Are you a positive person in a crisis? Think about it.
I was raised with positive people that never gave up no matter what. I would like to say that I still don’t. But there are times ...
Times like now, with the scare of the coronavirus and shortages of food and necessary commodities, we are almost in a panic and listening to every news report of the latest patient who has contacted or been exposed to the virus. What can we do about it? We all feel a bit overwhelmed.
I received this reminder from a friend who got it from a friend:
“When this is over, may we never take for granted a handshake with a stranger, full shelves at the store, conversations with neighbors, a crowded theater, a Friday night out.
The taste of communion, a routine checkup, a school rush each morning, coffee with a friend. A stadium roaring, each deep breath. A boring Tuesday (or any day), life itself.
When this pandemic ends, may we find that we have become more like the people we wanted to be, we were called to be, we hoped to be. And may we stay that way ... better for each other because of the worst.”
My cup runneth over with thoughts people have shared with me about being positive and cautious and not giving up, that things will get better. This is a temporary crisis. With the help of wonderful friends and family, life will go on.
When this pandemic ends ... and it will ... every game will sell out, every restaurant will have a two-hour wait, every child will be glad to be back in school, everyone will love their job, the stock market will skyrocket and we will embrace and shake hands. That’s gonna be a pretty good day.
So hang in there.
Wouldn’t it be great if we all stayed calm and kept a positive attitude? There is not much more that we can do about our confined situations right now, but we do have the choice of whether we accept it and let it pass over, or to stay in and dither and complain. Being in a panic does not make time pass any faster. Never forget: “This too shall pass!”
I do think we should be prepared, stay away from crowds, wash our hands often, eat healthy, get enough sleep, keep hydrated, take safety precautions and stay informed. But that is the norm for every day.
I shall never forget the positive people that went to exercise at Integris Rehab with my late husband, Jim. We mingled with people who are very positive. Most of them had problems with their heart, either surgery or other heart disorders. Or many of them had lung problems, either COPD or waiting for a lung transplant. They all were so positive and cheerful. One could not go there without feeling better and blessed. Not one of those people displayed self-pity or deep depression. We always left there with joy in our hearts because they were all so positive and upbeat. Being with them was good medicine and made us appreciate what we had healthwise.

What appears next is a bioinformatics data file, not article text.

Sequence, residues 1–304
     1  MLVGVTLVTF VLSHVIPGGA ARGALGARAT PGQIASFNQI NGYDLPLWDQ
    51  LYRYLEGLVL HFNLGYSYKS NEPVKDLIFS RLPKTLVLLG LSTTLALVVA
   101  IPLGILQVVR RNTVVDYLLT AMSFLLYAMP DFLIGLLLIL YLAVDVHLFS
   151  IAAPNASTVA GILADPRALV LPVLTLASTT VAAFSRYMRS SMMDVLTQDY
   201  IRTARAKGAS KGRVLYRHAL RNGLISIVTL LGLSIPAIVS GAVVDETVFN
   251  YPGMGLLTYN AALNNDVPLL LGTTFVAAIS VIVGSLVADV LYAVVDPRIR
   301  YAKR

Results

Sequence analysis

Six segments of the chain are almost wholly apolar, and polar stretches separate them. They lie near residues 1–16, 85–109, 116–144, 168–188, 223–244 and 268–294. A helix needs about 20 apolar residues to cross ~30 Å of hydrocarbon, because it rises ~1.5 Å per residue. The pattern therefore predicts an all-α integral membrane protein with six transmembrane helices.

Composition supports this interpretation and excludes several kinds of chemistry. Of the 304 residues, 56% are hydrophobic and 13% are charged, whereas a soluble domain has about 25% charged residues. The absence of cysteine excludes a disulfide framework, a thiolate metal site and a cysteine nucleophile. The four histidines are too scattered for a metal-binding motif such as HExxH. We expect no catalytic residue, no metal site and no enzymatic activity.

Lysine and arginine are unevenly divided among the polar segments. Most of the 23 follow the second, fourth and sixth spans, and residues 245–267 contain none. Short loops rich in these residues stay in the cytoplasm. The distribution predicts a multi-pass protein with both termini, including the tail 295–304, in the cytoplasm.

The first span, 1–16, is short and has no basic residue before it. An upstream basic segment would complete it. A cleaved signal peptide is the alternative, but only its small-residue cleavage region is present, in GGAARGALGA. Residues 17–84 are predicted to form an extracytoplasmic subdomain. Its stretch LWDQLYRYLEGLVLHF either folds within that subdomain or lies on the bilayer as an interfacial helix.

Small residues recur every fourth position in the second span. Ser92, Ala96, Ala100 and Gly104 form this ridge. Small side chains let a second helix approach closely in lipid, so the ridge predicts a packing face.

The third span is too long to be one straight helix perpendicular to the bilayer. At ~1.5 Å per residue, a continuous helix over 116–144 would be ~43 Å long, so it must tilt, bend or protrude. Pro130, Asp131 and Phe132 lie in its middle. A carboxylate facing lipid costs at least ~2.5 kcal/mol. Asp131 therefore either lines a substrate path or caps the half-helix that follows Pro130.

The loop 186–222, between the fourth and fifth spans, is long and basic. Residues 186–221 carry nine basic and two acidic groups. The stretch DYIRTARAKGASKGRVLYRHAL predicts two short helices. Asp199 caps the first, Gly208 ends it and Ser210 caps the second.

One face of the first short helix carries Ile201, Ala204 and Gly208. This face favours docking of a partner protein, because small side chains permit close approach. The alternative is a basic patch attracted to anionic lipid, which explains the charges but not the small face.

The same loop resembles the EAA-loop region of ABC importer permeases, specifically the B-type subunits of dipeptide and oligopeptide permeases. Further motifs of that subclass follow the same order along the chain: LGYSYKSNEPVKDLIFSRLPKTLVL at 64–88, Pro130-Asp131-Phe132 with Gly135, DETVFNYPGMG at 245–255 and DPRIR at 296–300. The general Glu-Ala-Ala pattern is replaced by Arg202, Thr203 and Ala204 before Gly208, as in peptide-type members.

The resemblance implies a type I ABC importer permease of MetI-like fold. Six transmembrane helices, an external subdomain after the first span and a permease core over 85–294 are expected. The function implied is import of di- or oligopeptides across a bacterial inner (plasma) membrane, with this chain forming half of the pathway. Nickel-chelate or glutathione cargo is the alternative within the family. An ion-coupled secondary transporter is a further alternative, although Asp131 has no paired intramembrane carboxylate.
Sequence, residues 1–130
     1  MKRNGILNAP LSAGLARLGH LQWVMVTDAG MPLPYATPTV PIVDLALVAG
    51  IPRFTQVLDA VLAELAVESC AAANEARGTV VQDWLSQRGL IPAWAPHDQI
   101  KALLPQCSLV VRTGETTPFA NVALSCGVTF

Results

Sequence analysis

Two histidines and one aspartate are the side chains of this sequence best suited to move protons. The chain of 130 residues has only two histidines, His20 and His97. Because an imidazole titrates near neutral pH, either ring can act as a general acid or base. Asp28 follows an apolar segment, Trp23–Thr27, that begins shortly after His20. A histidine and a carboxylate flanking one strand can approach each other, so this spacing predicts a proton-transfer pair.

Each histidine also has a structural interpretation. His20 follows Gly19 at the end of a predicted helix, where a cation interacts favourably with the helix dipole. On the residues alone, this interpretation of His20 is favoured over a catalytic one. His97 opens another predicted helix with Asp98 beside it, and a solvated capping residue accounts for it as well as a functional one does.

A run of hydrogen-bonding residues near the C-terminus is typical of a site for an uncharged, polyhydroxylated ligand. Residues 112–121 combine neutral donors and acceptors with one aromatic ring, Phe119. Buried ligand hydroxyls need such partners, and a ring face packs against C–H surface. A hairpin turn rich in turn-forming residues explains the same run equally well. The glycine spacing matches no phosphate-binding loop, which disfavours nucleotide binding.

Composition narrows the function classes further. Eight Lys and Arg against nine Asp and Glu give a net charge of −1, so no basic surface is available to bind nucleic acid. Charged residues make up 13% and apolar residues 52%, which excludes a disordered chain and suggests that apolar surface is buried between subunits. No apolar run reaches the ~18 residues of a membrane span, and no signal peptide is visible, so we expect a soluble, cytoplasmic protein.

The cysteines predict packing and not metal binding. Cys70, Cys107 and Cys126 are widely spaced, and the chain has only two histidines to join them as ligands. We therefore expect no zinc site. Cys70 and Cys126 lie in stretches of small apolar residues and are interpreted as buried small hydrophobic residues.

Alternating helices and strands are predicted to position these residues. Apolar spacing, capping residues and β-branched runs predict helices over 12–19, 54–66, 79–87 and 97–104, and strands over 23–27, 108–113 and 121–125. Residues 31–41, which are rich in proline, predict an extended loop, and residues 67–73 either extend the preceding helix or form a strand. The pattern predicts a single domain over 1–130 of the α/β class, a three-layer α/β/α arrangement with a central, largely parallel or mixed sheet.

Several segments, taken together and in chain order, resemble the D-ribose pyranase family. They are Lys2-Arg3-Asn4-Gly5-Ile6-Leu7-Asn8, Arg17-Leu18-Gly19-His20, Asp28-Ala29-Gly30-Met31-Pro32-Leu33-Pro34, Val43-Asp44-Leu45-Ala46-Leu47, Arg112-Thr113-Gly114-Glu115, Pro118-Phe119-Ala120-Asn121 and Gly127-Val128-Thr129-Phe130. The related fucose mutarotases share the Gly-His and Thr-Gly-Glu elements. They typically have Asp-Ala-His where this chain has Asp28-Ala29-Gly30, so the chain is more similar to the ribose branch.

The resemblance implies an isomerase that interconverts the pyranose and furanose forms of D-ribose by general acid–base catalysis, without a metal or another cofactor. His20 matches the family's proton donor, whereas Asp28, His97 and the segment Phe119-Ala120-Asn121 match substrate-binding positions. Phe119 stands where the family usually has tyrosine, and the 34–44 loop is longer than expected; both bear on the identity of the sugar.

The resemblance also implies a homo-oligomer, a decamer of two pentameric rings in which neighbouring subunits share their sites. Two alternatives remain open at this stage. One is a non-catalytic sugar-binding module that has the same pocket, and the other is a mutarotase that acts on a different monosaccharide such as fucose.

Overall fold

If we could only rid ourselves of the fear and panic that we are feeling right now, we would certainly be on a road to peace and tranquility. What we are experiencing is like a ghost that nobody has seen before. Very soon it will be cleared up and just a memory. However, we must never forget and be unprepared again. We will know next time (if there is a next time) how to handle things better and not let us go into a panic.
We may experience a crisis again or a different disease develop. If we do, so what? What can we do about it but to trust our Heavenly Father to care for us and provide for us? We must keep the faith. We must carry on and remember that worry does nothing ... absolutely nothing. It does not change a thing. So cheer up. Get on your phone and call someone to cheer them up. Bake a loaf of bread. Clean a closet. Write a letter. Give yourself a facial. Go through old pictures and mark the name on the back. Sort old valentines, birthday cards, Christmas cards, etc., and read them over and over to plant the memories in your mind, and then destroy them. They will mean nothing to the next generation. Stay busy and occupied and calm. Be prepared and not alarmed.
Try to stay positive. May we who have the luxury of working from home remember those who must choose between preserving their health or paying their rent. May we have the flexibility to care for our children when their schools close, remembering those who have no options.
May we who have had to cancel a trip remember those who have no safe place to go. May we who are losing our margin money in the tumult of the economic market remember those who have no margin at all. May we who settle in for a quarantine at home remember those who have no home. As fear grips our nation, let us choose love during this time when we cannot physically wrap our arms around each other, let us yet find ways to be the loving embrace of God to our neighbor. Amen!
Those of us “old-timers” who lived during and after the Great Depression know how to live through any situation. We know how to make do ... or do without. We know how to cook from scratch from what is in our pantry. It may not be perfect, but it will sustain life. We know how to keep busy and think of others. We know how to look for the light at the end of the tunnel and stay positive. It was not always easy, but we survived and are the better for it. We hope all the same for the “young sprouts” during this time.
The old pioneer spirit will prevail. We will survive. We will look back on this time and tell our grandchildren of the lessons we learned. We will persevere. We will overcome. We will turn to our loving Father for the comfort and peace He provides. We will be OK.
Haven’t made this for a long time. Serve over rice with a vegetable, and supper is ready.
Sweet-Sour Chicken Breasts
6 to 8 boneless chicken breasts
8-ounce can cranberry sauce
4 ounces French dressing
1 package dry onion soup mix
Mix sauce, dressing and dry soup mix. Pour over chicken in baking dish. Bake one hour in 325- to 350-degree oven. Or, cook in a slow cooker several hours until done.